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NIST in Joint Research Project with Korean Lab to Explore Medical Use of Shape-Memory Polymers

The agreement with South Korea’s TMD Lab will foster development of implantable medical devices that prevent biofilm formation.

Geoff Giordano

November 18, 2022

2 Min Read
researchers in laboratory
Image courtesy of Alamy/Aleksei Gorodenkov

The National Institute of Standards and Technology (NIST) is investigating shape-memory polymers (SMPs) and their role in medical applications under a rare agreement with South Korea’s TMD Lab.

The joint research is expected to produce a DNA database of SMPs and foster development of SMPs for implantable devices that reduce the formation of biofilms caused by microbial infection.

Established in 2018, TMD Lab develops implantable medical devices featuring SMPs that can restore shape quickly near body temperature. Using its materials, TMD can perform a minimally invasive procedure while avoiding biofilms commonly associated with silicone materials. TMD’s shape-memory materials can be tuned to restore their form in seconds, minutes, or longer, while reducing biofilms by 74%.

The medical implantables TMD is developing include nonvascular stents, ophthalmic devices, and plastic implants.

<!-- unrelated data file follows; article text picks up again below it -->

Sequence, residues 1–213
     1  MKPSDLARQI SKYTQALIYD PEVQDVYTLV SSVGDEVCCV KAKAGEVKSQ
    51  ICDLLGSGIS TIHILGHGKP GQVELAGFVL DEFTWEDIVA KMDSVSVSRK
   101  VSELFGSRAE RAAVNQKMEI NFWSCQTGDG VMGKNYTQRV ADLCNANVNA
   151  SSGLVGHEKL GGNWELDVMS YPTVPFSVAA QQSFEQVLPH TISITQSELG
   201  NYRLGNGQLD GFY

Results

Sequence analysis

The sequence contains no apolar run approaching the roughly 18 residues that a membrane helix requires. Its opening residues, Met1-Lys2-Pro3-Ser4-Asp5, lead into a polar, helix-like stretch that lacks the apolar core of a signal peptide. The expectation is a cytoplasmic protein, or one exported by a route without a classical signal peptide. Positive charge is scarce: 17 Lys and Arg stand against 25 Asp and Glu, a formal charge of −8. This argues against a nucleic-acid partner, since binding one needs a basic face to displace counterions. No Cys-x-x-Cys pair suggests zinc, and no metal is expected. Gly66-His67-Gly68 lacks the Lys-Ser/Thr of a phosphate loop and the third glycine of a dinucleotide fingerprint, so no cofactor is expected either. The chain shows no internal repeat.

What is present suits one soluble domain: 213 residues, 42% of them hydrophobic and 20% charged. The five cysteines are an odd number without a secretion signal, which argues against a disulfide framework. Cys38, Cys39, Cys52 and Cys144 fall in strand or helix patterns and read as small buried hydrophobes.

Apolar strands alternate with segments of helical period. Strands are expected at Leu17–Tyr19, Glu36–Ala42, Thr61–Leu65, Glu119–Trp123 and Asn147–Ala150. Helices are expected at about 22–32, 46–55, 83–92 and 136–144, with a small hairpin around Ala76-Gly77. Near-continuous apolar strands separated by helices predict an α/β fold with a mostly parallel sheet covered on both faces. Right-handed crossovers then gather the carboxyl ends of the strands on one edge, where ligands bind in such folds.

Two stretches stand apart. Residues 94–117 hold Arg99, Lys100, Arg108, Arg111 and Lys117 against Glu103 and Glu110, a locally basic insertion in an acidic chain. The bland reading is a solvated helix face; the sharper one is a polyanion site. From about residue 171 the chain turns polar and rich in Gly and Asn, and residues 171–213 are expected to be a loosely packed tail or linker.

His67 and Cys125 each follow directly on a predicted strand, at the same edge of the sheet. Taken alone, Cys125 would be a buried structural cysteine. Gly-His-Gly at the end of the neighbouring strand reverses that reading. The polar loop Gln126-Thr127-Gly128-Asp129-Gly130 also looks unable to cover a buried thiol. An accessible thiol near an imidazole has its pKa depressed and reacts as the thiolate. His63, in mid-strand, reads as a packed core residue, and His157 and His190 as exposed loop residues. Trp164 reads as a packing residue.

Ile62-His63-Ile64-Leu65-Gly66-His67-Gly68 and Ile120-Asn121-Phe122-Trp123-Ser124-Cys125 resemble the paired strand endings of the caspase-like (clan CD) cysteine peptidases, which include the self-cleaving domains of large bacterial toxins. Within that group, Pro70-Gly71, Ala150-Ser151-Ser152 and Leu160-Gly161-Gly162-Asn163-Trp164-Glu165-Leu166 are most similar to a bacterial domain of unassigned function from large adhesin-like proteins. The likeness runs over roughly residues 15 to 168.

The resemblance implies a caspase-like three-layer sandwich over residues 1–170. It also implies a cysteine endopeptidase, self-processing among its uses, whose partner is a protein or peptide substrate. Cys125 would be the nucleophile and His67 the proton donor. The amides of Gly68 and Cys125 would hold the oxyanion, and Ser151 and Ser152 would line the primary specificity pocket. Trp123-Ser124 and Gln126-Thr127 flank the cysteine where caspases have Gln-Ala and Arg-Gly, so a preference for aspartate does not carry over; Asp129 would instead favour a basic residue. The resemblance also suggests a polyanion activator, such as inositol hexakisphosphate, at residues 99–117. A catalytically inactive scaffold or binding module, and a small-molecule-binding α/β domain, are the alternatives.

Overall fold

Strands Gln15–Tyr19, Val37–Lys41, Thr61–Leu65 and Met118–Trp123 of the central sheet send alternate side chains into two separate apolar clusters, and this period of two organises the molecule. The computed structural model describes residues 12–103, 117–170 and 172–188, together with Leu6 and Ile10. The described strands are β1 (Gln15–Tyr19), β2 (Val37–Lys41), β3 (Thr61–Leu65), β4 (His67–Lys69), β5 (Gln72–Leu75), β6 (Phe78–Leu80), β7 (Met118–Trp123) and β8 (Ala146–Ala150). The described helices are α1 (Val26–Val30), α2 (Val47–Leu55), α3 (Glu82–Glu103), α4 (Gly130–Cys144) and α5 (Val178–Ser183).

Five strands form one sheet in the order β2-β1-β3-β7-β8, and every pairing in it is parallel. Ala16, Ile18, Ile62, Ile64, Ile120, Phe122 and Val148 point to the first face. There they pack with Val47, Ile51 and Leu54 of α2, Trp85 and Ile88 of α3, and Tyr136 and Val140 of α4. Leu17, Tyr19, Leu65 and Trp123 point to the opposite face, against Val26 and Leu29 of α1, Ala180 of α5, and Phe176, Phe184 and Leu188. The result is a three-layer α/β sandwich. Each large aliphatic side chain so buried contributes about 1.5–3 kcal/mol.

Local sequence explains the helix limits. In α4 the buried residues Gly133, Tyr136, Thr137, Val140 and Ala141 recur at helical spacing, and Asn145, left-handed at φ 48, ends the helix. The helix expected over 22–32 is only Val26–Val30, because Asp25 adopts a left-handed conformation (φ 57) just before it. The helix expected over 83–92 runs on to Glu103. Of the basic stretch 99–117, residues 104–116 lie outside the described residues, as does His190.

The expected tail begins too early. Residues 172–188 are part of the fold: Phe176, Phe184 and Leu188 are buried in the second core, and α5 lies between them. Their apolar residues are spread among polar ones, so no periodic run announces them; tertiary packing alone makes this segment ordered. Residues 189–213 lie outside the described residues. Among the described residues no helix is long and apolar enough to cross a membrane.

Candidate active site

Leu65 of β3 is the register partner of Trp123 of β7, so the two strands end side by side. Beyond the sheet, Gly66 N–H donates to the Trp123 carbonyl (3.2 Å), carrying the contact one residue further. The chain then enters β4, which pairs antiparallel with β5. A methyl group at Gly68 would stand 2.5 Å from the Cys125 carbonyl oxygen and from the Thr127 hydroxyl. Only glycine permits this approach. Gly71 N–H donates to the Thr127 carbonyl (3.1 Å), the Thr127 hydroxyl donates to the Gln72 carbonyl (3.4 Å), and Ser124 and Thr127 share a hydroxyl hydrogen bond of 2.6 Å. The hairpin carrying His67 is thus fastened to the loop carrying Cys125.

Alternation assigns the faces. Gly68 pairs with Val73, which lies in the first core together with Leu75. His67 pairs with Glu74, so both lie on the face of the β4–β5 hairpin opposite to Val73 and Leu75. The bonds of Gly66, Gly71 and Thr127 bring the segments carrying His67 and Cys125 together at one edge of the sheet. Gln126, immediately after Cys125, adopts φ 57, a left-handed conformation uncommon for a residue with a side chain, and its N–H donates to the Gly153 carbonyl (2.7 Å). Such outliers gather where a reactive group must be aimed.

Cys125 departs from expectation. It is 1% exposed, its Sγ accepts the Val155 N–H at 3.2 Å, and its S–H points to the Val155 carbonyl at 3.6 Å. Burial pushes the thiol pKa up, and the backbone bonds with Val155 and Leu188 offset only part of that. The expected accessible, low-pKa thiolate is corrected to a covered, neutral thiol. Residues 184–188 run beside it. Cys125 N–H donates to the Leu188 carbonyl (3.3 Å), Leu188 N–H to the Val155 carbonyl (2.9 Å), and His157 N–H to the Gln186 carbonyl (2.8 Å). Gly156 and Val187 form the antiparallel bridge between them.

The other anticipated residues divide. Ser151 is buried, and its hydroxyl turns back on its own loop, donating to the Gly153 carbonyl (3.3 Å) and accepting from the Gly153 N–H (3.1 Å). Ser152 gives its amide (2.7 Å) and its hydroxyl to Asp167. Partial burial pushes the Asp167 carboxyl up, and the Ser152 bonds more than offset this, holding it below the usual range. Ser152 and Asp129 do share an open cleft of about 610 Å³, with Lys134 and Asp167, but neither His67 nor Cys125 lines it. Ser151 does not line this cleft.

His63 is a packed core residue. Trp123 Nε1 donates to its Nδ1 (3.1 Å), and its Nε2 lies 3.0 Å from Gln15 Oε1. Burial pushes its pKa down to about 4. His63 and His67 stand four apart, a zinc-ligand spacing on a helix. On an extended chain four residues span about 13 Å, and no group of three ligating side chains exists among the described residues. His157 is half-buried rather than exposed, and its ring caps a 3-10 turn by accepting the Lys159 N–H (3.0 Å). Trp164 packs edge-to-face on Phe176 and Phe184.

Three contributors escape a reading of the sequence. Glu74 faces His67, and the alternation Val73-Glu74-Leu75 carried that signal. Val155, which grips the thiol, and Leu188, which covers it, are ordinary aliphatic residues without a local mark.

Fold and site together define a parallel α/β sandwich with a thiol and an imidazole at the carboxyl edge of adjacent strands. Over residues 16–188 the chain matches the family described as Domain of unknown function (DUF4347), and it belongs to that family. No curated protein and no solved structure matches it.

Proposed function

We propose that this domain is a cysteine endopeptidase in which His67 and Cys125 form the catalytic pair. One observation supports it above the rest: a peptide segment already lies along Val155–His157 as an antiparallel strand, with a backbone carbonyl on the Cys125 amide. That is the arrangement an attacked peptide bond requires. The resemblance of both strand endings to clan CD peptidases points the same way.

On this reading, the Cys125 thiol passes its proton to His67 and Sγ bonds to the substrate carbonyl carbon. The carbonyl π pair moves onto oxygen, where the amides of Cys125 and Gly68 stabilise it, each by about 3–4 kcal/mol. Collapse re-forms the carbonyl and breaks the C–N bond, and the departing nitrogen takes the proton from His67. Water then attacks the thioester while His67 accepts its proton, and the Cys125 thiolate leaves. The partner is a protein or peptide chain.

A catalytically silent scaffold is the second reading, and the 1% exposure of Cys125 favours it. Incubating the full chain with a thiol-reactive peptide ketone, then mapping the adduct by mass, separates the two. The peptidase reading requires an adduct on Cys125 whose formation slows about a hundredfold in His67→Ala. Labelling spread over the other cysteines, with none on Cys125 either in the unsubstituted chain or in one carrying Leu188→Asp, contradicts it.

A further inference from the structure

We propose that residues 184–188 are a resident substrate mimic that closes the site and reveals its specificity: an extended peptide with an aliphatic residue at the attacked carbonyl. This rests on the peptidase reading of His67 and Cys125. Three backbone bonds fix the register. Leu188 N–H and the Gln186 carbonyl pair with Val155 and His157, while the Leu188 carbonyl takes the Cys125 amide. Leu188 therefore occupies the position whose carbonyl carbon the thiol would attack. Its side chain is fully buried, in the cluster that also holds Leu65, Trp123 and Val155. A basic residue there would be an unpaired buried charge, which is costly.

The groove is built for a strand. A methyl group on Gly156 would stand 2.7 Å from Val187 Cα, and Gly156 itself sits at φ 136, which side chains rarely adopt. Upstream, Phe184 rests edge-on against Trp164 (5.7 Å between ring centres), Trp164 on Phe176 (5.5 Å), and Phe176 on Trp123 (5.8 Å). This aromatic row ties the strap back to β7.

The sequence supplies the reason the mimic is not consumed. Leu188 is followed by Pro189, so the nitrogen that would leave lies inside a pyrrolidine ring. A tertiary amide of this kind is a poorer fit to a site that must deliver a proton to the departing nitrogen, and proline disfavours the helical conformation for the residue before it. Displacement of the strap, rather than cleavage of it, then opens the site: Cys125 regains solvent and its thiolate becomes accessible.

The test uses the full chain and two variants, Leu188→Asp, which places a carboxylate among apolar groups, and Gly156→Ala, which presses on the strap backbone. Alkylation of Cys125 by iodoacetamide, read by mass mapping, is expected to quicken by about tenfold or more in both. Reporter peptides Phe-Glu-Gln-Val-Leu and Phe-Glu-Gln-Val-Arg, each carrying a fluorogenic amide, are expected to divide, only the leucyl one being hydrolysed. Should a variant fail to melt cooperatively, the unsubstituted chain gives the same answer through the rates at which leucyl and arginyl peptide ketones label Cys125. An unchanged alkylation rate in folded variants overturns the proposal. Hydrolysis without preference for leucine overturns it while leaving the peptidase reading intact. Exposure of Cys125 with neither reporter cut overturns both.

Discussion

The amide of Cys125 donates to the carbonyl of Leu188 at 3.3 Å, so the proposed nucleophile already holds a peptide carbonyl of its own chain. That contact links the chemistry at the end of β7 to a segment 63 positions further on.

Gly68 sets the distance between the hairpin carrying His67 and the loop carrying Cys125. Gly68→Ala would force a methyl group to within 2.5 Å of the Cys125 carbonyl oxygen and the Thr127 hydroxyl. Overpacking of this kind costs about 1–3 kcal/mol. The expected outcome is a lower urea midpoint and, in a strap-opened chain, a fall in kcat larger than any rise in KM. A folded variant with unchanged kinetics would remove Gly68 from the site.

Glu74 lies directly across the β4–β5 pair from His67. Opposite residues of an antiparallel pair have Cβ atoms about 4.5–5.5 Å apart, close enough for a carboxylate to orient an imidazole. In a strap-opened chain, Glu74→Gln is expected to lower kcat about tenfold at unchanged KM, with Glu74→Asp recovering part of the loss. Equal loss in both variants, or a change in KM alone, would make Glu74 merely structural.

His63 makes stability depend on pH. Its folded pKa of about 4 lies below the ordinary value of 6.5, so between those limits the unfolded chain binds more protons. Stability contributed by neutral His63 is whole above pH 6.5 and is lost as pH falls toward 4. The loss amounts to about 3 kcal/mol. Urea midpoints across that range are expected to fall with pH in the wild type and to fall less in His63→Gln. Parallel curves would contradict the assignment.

“I know that it is rare for NIST to sign a joint R&D agreement with a foreign private company,” noted Hak-Joon Sung, CEO of TMD. “We expect that this joint research would facilitate the expansion of the market for implantable medical devices using SMPs.”

According to data from Global Market Insights, the SMP market’s value in 2021 was $450.4 million and is projected to grow at 26.9% from 2022 through 2030 — albeit driven by growing product demand in the automotive and aerospace sectors.

As understanding of SMPs grows, however, more medical applications appear poised on the horizon. For instance, Shape Memory Medical has announced successes with its embolotherapy devices and is focused on creating a product pipeline of solutions for aortic aneurysms and aortic dissection. Shape-memory polymers can conform to patient anatomy and have been used in applications like endovascular treatment of aneurysms.

The biomaterials group at NIST signed a confidential disclosure agreement with TMD last April, and TMD agreed in October to NIST’s Cooperative Research and Development Agreement. Researchers in NIST’s biomaterials group specialize in various biomaterials and cell-to-cell interactions, microbial measurement, spectroscopy, and more.

About the Author(s)

Geoff Giordano

Geoff Giordano is a tech journalist with more than 30 years’ experience in all facets of publishing. He has reported extensively on the gamut of plastics manufacturing technologies and issues, including 3D printing materials and methods; injection, blow, micro and rotomolding; additives, colorants and nanomodifiers; blown and cast films; packaging; thermoforming; tooling; ancillary equipment; and the circular economy. Contact him at [email protected].

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